– Justin T
    Jan 6, 2023 at 8:51
  • 2
    $\begingroup$ Thank you very much for your comments. @JustinT, I tried, but there is a difference that I need to know if I can ignore; probably not. On the other hand, I suppose it is hard to find a paper describing that conversion: my idea is that the conversion is assumed as "general knowledge," which is not worth mentioning. However, thanks for the idea, I will try papers describing catalogs, which should give more technical details. $\endgroup$
    – lol
    Jan 10, 2023 at 21:51
  • 1
    $\begingroup$ @lol What I mean by replicate is that while they probably won’t elaborate on the exact way they use to do it, if it is something like a central wavelength you might find a paper where they have data before and after a conversion, and through fine tuning maybe you can sense a pattern as to what they do. Since spitzer and Hubble data is available to you in an unprocessed form, you should be able to compare and contrast with their processed data and try different things till your numbers line up (assuming they don’t do anything too sophisticated, but at least it will tell you how close you are) $\endgroup$
    – Justin T
    Jan 12, 2023 at 0:07

1 Answer 1


I have a definitive solution for the first question. First of all, I realized that the conversion factor of $3.305×10^{-7}$ is not okay (sorry for the typo: it is $10^{-7}$, not $10^7$), but I would like to explain my procedure in a clearer way than before.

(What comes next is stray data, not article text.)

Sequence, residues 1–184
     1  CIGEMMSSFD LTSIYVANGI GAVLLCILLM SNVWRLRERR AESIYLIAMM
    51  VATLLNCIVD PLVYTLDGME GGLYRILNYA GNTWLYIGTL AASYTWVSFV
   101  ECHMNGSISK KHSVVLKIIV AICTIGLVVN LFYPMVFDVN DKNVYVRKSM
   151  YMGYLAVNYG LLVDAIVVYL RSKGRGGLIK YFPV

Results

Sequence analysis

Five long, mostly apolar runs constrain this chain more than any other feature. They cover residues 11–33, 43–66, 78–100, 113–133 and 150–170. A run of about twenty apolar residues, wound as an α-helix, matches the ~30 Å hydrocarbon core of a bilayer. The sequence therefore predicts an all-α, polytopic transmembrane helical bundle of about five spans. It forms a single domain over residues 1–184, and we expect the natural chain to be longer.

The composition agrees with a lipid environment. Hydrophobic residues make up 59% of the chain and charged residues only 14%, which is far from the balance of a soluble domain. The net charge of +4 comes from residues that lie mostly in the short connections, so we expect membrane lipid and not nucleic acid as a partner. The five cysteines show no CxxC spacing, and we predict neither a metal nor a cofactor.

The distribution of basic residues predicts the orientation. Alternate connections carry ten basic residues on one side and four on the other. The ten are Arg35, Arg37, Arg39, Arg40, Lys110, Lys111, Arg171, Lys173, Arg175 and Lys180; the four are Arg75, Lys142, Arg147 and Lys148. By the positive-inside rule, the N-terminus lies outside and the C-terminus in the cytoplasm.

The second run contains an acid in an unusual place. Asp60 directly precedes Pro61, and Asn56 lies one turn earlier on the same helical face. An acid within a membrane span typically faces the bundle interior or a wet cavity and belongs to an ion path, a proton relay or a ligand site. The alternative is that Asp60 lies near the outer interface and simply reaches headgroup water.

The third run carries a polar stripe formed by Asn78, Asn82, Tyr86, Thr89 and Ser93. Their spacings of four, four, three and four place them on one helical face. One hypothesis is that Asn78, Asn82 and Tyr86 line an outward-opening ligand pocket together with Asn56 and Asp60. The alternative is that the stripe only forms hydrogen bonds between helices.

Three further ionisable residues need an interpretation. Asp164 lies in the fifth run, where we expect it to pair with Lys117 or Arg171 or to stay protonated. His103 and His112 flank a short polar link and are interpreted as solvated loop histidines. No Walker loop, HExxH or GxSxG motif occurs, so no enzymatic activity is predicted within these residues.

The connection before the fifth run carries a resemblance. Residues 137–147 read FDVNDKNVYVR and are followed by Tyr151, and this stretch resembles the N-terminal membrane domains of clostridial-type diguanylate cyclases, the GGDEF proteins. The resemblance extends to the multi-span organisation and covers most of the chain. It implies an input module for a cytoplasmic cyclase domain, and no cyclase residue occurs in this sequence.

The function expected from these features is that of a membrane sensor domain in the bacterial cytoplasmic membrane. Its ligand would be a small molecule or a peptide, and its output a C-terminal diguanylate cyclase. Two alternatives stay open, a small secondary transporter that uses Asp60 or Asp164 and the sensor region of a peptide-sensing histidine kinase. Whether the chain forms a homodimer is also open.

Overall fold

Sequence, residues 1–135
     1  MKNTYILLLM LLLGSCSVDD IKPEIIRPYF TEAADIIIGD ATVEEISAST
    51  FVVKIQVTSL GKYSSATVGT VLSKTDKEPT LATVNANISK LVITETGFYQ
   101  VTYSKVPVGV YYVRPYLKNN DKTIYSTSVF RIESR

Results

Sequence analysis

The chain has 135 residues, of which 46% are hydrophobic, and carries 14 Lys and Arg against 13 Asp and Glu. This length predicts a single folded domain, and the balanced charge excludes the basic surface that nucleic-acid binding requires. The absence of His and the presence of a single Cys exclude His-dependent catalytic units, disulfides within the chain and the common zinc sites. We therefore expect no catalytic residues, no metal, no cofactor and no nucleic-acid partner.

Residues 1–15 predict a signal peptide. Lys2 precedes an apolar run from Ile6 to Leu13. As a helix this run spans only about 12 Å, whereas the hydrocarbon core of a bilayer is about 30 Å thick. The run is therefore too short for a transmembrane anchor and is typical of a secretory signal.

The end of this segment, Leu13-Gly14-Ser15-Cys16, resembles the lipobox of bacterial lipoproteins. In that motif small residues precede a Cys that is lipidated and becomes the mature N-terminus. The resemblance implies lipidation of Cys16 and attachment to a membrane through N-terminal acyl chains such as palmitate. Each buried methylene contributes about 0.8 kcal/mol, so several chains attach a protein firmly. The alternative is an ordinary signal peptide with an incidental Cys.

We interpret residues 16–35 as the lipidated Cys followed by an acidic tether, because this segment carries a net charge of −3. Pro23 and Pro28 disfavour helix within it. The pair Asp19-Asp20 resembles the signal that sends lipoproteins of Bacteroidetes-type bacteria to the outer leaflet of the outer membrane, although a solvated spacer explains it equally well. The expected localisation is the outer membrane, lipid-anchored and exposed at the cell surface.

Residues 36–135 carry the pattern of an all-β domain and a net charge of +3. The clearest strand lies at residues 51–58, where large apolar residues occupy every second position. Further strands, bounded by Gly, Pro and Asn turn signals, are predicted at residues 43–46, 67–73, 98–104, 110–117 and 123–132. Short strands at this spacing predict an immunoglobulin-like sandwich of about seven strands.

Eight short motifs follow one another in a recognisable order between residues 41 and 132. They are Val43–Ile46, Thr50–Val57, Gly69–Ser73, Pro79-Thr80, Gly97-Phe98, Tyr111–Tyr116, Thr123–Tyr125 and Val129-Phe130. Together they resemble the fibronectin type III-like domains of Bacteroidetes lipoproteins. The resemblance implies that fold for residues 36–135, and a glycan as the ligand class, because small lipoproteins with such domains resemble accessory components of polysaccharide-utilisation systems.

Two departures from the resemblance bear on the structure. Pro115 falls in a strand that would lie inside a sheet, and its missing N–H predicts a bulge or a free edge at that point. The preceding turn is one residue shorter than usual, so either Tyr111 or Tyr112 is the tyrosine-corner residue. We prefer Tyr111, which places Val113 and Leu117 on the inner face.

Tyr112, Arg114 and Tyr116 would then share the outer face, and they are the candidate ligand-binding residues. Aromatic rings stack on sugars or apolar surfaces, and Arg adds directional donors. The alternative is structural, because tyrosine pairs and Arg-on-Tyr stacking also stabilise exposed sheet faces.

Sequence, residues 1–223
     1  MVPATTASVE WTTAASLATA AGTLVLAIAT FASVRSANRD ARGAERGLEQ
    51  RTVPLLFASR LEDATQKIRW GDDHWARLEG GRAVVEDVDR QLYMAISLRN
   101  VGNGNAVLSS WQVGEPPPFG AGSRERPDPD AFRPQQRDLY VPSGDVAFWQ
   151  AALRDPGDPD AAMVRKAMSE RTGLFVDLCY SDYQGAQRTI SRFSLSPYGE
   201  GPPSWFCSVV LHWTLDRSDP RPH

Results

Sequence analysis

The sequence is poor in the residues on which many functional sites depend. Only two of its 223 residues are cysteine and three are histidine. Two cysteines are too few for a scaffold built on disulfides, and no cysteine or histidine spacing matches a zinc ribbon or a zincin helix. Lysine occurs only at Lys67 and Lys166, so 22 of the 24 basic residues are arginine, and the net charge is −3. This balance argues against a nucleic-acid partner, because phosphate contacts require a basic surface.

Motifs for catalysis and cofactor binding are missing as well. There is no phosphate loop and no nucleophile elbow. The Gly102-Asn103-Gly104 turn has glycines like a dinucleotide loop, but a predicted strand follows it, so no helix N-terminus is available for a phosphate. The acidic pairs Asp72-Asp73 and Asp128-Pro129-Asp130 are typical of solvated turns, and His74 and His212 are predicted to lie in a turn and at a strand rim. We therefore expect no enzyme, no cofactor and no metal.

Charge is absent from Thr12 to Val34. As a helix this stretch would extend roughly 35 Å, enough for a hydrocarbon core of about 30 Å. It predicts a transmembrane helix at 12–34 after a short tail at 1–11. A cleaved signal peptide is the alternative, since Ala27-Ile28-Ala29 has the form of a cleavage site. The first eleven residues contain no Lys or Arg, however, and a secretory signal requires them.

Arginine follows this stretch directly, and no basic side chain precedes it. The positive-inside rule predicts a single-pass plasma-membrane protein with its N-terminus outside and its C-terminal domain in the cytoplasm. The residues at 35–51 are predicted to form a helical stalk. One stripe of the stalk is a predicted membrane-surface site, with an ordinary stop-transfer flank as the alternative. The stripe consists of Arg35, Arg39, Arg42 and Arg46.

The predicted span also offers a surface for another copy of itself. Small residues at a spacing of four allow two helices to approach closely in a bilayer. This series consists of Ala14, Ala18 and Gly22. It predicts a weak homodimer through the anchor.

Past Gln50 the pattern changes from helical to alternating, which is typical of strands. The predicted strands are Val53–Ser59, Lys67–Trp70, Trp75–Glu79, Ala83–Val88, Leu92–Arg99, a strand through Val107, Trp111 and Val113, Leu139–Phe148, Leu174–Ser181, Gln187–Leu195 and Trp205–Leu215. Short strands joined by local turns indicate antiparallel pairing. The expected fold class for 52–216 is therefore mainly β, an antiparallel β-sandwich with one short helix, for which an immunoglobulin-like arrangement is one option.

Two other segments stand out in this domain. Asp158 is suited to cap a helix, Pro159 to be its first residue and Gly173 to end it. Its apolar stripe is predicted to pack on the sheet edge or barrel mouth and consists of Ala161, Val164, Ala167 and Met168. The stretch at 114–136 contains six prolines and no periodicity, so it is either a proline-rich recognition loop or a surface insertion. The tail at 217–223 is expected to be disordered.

Let's start from the equation to convert the flux density in terms of frequency, $f_\nu$, to flux density in terms of wavelength, $f_\lambda$:

$f_\nu = \frac{\lambda^2}{c} \space f_\lambda$ or equivalently $\frac{f_\nu}{Jy} = 3.33564×10^4 \space (\frac{\lambda}{Å})^2 \space \frac{f_\lambda}{erg \space s^{-1} \space cm^{-2} \space Å^{-1}}$

Now, we can obtain the information of the wavelength $\lambda$ and the flux density $f_\lambda$ directly from the header of the HST FITS file:

  • $\lambda = \rm{PHOTPLAM}$, where PHOTPLAM represents the so called "pivot wavelength" in units of $Å$ (see https://en.wikipedia.org/wiki/AB_magnitude).

  • $\frac{f_\lambda}{erg \space s^{-1} \space cm^{-2} \space Å^{-1}} = \frac{\rm{PHOTFLAM}}{erg \space cm^{-2} \space Å^{-1} \space electrons^{-1}} \space\space \frac{X_{HST, pix}}{electrons \space s^{-1}}$, where PHOTFLAM is the "inverse sensitivity" and $X_{HST, pix}$ is my way to denote the value of the pixel of the HST FITS image.

So, we can transform the value of each pixel from units of $electrons \space s^{-1}$ to Jy, just substituting the header information into the following final and practical formula:

$\frac{f_\nu}{Jy} = 3.33564×10^4 \space (\frac{\rm{PHOT\bf{P}}\rm{LAM}}{Å})^2 \space \frac{\rm{PHOT\bf{F}}\rm{LAM}}{erg \space cm^{-2} \space Å^{-1} \space electrons^{-1}} \space\space \frac{X_{HST, pix}}{electrons \space s^{-1}}$

Please notice that the values in the header can change due to the camera and the band used. In the case of my FITS file, I have


ACS WFC1 F775W | 9.91377802592592E-20 | 7693.411714814814

ACS WFC1 F850LP | 1.50169706333333E-19 |9036.597123333335

WFC3 IR F105W | 3.03865733593518E-20 | 10551.04690640578

WFC3 IR F110W | 1.52741283843628E-20 | 11534.45855553776

WFC3 IR F125W | 2.24834173714407E-20 | 12486.05978577568

WFC3 IR F160W | 1.92756031304868E-20 | 15369.17570896557